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$\newcommand{\+}{^{\dagger}}% \newcommand{\angles}[1]{\left\langle #1 \right\rangle}% \newcommand{\braces}[1]{\left\lbrace #1 \right\rbrace}% \newcommand{\bracks}[1]{\left\lbrack #1 \right\rbrack}% \newcommand{\ceil}[1]{\,\left\lceil #1 \right\rceil\,}% \newcommand{\dd}{{\rm d}}% \newcommand{\ds}[1]{\displaystyle{#1}}% \newcommand{\equalby}[1]{{#1 \atop {= \atop \vphantom{\huge A}}}}% \newcommand{\expo}[1]{\,{\rm e}^{#1}\,}% \newcommand{\fermi}{\,{\rm f}}% \newcommand{\floor}[1]{\,\left\lfloor #1 \right\rfloor\,}% \newcommand{\half}{{1 \over 2}}% \newcommand{\ic}{{\rm i}}% \newcommand{\iff}{\Longleftrightarrow} \newcommand{\imp}{\Longrightarrow}% \newcommand{\isdiv}{\,\left.\right\vert\,}% \newcommand{\ket}[1]{\left\vert #1\right\rangle}% \newcommand{\ol}[1]{\overline{#1}}% \newcommand{\pars}[1]{\left( #1 \right)}% \newcommand{\partiald}[3][]{\frac{\partial^{#1} #2}{\partial #3^{#1}}} \newcommand{\pp}{{\cal P}}% \newcommand{\root}[2][]{\,\sqrt[#1]{\,#2\,}\,}% \newcommand{\sech}{\,{\rm sech}}% \newcommand{\sgn}{\,{\rm sgn}}% \newcommand{\totald}[3][]{\frac{{\rm d}^{#1} #2}{{\rm d} #3^{#1}}} \newcommand{\ul}[1]{\underline{#1}}% \newcommand{\verts}[1]{\left\vert\, #1 \,\right\vert}$ If $\exists\ \lim\limits_{n \to \infty}x_{n} = s > 0$: $$ s = \root{7s}\quad\imp\quad s = 7 $$ Also $$ x_{n} - 7 = \root{7}x_{n - 1}^{1/2} - 7 = {7x_{n - 1} - 49 \over \root{7}x_{n - 1}^{1/2} + 7} ={x_{n - 1} - 7 \over \root{x_{n - 1}/7} + 1} < x_{n - 1} - 7 $$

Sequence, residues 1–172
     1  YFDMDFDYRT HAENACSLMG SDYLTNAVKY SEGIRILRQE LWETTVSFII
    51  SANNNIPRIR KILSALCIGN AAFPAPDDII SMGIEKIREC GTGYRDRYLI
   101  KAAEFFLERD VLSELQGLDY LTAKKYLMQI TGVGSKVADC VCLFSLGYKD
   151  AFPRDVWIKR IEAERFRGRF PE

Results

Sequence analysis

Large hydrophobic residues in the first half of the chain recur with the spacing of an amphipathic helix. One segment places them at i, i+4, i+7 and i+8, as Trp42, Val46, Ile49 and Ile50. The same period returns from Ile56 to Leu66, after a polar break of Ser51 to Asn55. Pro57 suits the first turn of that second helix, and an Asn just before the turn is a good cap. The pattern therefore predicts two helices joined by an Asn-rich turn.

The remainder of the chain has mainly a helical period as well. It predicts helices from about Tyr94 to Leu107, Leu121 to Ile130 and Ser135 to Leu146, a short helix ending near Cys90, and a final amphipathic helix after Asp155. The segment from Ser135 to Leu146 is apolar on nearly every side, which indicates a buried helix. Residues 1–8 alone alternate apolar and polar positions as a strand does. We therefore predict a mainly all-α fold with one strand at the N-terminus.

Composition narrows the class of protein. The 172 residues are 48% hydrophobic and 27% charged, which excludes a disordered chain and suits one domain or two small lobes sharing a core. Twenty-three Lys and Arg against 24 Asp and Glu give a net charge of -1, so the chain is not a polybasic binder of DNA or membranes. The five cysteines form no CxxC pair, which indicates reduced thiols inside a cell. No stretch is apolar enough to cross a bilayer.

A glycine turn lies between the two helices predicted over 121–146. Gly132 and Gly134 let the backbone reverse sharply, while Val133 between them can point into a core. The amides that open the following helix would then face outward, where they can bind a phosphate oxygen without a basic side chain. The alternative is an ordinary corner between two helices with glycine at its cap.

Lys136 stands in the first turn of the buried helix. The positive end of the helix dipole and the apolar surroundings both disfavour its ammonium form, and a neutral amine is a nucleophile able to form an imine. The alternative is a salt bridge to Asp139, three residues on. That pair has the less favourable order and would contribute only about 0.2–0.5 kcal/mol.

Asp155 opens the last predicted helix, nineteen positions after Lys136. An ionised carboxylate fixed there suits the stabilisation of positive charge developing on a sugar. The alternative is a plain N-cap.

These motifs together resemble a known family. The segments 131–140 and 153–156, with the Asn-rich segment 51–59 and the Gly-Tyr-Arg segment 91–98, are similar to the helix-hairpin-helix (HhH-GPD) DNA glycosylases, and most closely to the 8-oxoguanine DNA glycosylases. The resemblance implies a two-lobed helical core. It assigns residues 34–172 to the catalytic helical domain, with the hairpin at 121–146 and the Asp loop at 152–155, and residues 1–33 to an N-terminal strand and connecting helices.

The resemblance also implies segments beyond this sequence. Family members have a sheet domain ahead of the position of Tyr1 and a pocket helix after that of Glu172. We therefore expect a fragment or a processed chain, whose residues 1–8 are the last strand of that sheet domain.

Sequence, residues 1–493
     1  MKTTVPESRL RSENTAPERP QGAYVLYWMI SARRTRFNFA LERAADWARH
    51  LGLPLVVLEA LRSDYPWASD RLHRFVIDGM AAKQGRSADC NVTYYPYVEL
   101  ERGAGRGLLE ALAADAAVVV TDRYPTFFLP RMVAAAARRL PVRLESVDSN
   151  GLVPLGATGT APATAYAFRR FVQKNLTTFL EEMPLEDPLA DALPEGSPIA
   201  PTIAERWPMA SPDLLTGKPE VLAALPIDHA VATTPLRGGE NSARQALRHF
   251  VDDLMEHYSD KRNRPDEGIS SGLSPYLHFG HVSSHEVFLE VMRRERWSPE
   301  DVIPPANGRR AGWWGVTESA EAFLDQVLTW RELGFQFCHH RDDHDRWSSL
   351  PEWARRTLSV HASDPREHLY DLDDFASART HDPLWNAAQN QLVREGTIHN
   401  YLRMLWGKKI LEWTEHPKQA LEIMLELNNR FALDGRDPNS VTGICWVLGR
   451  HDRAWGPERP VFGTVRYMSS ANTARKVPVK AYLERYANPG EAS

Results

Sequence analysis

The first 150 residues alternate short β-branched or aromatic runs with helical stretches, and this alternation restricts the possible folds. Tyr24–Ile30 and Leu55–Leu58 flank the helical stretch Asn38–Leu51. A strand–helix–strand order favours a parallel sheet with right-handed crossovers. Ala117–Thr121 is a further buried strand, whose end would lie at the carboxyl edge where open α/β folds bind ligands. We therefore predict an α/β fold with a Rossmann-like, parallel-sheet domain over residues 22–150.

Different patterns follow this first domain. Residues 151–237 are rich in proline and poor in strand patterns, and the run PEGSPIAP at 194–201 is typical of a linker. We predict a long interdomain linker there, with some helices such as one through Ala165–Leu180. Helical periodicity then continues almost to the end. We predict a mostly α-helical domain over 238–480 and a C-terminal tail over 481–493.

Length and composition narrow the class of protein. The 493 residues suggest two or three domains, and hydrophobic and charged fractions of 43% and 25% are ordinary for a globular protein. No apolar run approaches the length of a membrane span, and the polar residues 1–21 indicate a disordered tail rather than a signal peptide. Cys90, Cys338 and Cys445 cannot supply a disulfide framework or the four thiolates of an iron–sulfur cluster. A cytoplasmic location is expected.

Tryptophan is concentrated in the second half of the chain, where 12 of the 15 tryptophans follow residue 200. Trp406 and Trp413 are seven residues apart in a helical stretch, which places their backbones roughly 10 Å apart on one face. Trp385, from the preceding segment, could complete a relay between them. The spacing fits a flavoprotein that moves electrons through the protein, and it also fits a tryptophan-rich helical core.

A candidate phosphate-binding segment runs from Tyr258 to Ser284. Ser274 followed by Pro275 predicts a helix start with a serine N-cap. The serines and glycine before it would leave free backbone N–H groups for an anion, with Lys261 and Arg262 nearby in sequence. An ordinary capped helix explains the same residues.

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Alternatively, let $a_1,\,a_2,\,a_3,\,\cdots,\,a_n$ be the following sequence $$\sqrt{7},\,\sqrt{7\sqrt{7}},\,\sqrt{7\sqrt{7\sqrt{7}}},\,\cdots,\underbrace{\sqrt{7\sqrt{7\sqrt{7\sqrt{\cdots\sqrt{7}}}}}}_{\large n\,\text{times}}$$ respectively.

Notice that $$\large a_n=7^{\Large 1-2^{-n}}$$ Hence $$\sqrt{7\sqrt{7\sqrt{7\sqrt{7\sqrt{\cdots}}}}}=\large\lim_{n\to\infty}\, a_n=\lim_{n\to\infty}\,7^{1-\Large2^{-n}}=\bbox[3pt,border:3px #FF69B4 solid]{\color{red}{7}}$$